Tuesday, May 4, 2010

Unpacking Forgiveness XI of ?

Chapter Twelve
How Should I Respond to the Unrepentant? A Third Principle
[Part Two]

...[W]henever it is argued that forgiveness should be preceded by repentance, some will counter, "Isn't it true that Jesus forgave those who crucified him? They allude to the crucifixion account in Luke 23.

And when they came to the place that is called The Skull, there they crucified him, and the criminals, one on his right and one on his left. And Jesus said, "Father, forgive them, for they know not what they do." (Luke 23:33-34)

The short answer to that question is no. Jesus did not forgive them. If you think carefully about this passage, you will see this is the case. Jesus prayed that those who crucified him would be forgiven in the future — he did not thank God that they were already forgiven. If they had already been forgiven, such a prayer would have been superfluous.

Jesus surely could have forgiven them on the spot himself, had they been repentant on the spot. We know from else where in Scripture that Jesus had authority to forgive sins. Indeed, there were times when he told people that their sins were forgiven (for example, Luke 5:20-24, Luke 7:49).

Notice also that on the cross, in exactly the same context where Jesus prayed that his killers would be forgiven, Jesus does grant forgiveness to someone else! There were two criminals hanging with Jesus, and one of them repented. Jesus forgave him immediately: "Today you will be with me in paradise" (Luke 23:43). He did not say, "I pray that you will be forgiven." He forgave him. And Jesus' forgiveness promised a new relationship: "Today you will be with me in paradise."

Others argue that elsewhere in Scripture Jesus does not seem to include repentance as a condition for forgiveness (Matt. 6:12, Matt. 6:14-15, Matt. 18:21-22). It is true in these verses that Jesus does not explicitly utter a condition of repentance. However, the requirement is implicit. In Matthew 6, Jesus told the disciples to forgive as God forgives. He does not explicitly mention this in Matthew 6, but we learn from the other passages that God's forgiveness is indeed conditional. The emphasis of Matthew 6 is to forgive as God forgives, which is another reiteration that we ought to forgive only repentant offenders.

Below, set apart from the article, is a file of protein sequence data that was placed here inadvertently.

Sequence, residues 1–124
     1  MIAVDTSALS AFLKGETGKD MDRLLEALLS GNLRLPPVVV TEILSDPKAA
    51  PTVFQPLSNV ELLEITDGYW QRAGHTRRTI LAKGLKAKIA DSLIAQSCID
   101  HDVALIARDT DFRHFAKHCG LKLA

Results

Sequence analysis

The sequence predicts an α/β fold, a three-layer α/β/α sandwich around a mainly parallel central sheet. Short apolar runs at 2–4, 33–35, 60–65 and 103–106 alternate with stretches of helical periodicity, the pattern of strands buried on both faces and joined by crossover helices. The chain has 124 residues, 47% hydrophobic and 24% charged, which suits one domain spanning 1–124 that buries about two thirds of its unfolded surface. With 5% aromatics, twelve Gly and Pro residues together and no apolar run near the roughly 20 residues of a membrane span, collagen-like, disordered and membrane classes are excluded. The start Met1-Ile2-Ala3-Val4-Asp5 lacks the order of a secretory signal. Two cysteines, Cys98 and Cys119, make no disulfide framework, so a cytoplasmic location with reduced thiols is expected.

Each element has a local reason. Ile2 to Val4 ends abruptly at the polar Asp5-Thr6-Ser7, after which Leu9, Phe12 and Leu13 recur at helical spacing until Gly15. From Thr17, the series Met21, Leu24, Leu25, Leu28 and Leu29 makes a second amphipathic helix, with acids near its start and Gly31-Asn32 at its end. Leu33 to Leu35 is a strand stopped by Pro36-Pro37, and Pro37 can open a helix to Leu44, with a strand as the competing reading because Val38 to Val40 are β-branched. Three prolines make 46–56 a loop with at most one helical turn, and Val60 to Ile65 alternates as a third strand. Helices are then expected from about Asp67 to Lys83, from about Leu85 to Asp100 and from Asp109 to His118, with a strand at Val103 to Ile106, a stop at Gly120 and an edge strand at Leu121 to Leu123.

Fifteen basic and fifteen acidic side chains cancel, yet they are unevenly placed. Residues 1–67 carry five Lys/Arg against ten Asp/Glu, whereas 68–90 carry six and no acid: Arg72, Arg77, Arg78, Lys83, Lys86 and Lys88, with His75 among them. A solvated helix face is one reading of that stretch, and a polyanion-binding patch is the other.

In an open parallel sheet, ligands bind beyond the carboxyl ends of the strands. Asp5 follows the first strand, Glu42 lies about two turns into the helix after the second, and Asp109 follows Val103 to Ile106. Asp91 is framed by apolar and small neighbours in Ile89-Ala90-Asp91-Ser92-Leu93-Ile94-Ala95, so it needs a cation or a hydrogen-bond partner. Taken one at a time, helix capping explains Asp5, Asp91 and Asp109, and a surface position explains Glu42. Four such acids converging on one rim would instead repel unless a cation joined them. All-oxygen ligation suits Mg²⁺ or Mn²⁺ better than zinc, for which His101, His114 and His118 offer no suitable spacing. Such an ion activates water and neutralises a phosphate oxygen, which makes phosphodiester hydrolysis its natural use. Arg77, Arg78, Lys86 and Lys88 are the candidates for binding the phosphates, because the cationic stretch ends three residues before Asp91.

In Matthew 18:21-22 Jesus does not explicitly include repentance as a prerequisite for forgiveness. However, the conditional nature of forgiveness is certainly assumed in the context of the chapter. Both in the teaching on church discipline in Matthew 18:15-20 and in the parable that follows in Matthew 18:23-25, Jesus describes situations in which people should be forgiven when they repent.

Forgiveness is conditional. The great Reformed theologian John Murray summarized this truth as follows:
"Forgiveness is a definite act performed by us on the fulfillment of certain conditions. ... Forgiveness is something actively administered on the repentance of the person who is to be forgiven. We greatly impoverish ourselves and impair the relations that we should sustain to our brethren when we fail to appreciate what is involved in forgiveness."
Won't Conditional Forgiveness Lead to Bitterness?

The Bible always presents forgiveness as something that happens between two parties.

Contrary to the conventional understanding, I believe that the notion of automatic forgiveness itself fosters bitterness. We are created with a standard of justice written on our hearts. When we forgive someone who is not repentant, we are acting in a way that is unjust. Deep down we are saying that forgiveness must sometimes happen at the expense of justice.

On the other hand, when we recognize that those who have offended us will face the vengeance of God, at that point we will begin to feel true love and compassion for the.

Christians should offer grace to all people. We should wrap up forgiveness as a present and make it available to anyone who will accept, regardless of the offense. But it is not the offense that conditions forgiveness but the repentant heart. Whether or not they unwrap the present and accept the gift so that forgiveness takes place is up to them.

Romans 12:17-21 gives a framework for responding to evil. (1) Resolve not to take revenge. Do not even allow yourself to rehearse it in your mind. (2) Lovingly and proactively offer grace to your enemies. Although love and grace are undeserved, creatively consider what you might do to live at peace with all people, . . . (3) Do not forgive the unrepentant. Leave room for the wrath of God. He will deal justly with all wrongs. When we consider that those who do not know Christ will spend eternity in an everlasting hell, we can move beyond bitterness to compassion, even in the most awful circumstances.
For to this you have been called, because Christ also suffered for you, leaving you an example, so that you might follow in his steps. He committed no sin, neither was deceit found in his mouth. When he was reviled, he did not revile in return; when he suffered, he did no threaten, but continued entrusting himself to him who judges justly. He himself bore our sins in his body on the tree, that we might die to sin and live to righteousness. By his wounds you have been healed. (1 Peter 2:21-24)
The Lord took no revenge. He prayed that his killers would be forgiven. He entrusted himself to him who judges justly. The Word became flesh (John 1:14), Christ is the example of how we should respond to evil.

      ~Chris Brauns
       (pages 145-151)

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